Bastard law: Lagman calls for review of partylist system in 18th Congress
The participation of a large number of partylist groups, which are controlled by traditional politicians or large parties in the recently concluded elections, highlights the need for the incoming Congress to “seriously revisit” the Partylist System Law, a minority lawmaker at the House of Representatives said Tuesday.
In a news conference, Albay 1st District Rep. Edcel Lagman stressed that the purpose of the Partylist law is to “afford the marginalized sectors of having representation in Congress.”
“I am the principal author of this law…but that has been bastardized by the Comelec,” he said.
“Even the Supreme Court has came out with rulings which is not consistent with the spirit of the law,” Lagman said.
As originally envisioned, the partylist system was created in the 1987 Constitution with the aim of giving marginalized sectors or groups, including labor, peasant, urban poor, indigenous cultural, women, youth, and other such sectors as may be defined by law (except the religious sector), representation in Congress.
In 1995, Republic Act 7941 or the Party-List Act was enacted in order to define and prescribe the broad mechanics of this system representation. It limited the system to the marginalized and the political underclass.
However, a 2013 Supreme Court decision clarified that the partylist is a system of proportional representation open to various kinds of groups and parties, and not an exercise exclusive to marginalized sectors.
Under the new parameters set by the SC, national parties or organizations and regional parties or organizations do not need to organize along sectoral lines and do not need to represent any marginalized and underrepresented sector to qualify in the partylist system.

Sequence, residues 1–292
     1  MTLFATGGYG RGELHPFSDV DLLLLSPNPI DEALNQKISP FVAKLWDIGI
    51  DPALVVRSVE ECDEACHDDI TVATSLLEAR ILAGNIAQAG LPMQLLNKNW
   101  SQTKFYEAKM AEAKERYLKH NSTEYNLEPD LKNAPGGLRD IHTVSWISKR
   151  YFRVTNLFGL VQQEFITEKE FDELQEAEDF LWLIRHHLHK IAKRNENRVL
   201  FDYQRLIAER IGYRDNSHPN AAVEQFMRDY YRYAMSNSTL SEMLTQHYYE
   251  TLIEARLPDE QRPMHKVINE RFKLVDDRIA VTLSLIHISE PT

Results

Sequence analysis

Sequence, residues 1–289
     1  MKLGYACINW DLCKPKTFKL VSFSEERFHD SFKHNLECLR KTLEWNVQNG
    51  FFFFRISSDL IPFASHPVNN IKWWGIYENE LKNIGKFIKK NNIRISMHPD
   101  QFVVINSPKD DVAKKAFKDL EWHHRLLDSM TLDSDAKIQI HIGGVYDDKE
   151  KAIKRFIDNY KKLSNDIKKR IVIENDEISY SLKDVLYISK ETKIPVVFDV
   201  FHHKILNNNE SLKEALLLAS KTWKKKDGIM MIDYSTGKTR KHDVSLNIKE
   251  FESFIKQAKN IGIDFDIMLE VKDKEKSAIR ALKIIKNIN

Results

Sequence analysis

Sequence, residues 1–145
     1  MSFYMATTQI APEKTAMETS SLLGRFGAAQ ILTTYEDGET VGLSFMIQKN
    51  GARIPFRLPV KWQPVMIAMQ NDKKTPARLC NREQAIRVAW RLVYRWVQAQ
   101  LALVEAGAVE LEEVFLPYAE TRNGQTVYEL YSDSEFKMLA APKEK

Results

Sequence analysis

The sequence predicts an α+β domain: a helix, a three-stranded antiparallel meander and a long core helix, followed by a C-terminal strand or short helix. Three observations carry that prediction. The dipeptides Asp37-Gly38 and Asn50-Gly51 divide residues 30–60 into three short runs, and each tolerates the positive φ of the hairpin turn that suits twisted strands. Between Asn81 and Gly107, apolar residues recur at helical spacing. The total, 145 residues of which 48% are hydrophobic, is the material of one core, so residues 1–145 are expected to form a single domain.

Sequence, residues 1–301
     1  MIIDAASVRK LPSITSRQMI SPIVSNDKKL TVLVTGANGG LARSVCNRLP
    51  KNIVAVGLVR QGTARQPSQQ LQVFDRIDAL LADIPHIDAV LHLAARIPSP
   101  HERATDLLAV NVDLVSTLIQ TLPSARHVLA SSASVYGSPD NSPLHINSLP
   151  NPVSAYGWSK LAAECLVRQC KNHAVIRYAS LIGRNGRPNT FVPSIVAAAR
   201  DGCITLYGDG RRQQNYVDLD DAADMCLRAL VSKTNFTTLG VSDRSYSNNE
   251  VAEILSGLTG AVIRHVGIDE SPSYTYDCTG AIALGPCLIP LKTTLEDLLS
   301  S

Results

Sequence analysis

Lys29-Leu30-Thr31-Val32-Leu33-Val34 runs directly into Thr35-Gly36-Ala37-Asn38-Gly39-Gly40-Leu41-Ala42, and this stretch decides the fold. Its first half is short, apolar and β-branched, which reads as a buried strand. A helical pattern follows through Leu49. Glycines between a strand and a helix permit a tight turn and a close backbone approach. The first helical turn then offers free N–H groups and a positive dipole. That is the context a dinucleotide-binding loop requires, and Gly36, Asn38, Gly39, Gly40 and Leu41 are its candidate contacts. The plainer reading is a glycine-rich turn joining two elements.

Lagman observed that this has allowed the participation of large
parties and traditional politicians, as well as the rich and the
powerful, to abuse the system.
“So one of the first things we probably have to do in the 18th Congress is to strengthen the partylist system and make it consistent with its collegiate intention of securing the marginalized sectors’ right of having representation in Congress,” Lagman said.
“And we should follow the formula of declaring who are the winners. There’s a two percent threshold in the bill which has not been followed anymore,” he added.
Under the previous formula, a partylist group must win at least 2 percent of all the votes cast in the partylist election to be eligible for a seat in the House.
However, the SC declared the 2-percent threshold unconstitutional, and gave a seat to a partylist group that won less than 2 percent of the votes, and one or more additional seats to a group that polled more than 2 percent.
The High Court ruled, however, that the total number of partylist representatives must remain at 20 percent of the total number of seats in the House as prescribed by the Constitution.
There are presently 134 partylist groups — from the 185 who applied — that are vying for 59 seats in Congress. (PNA)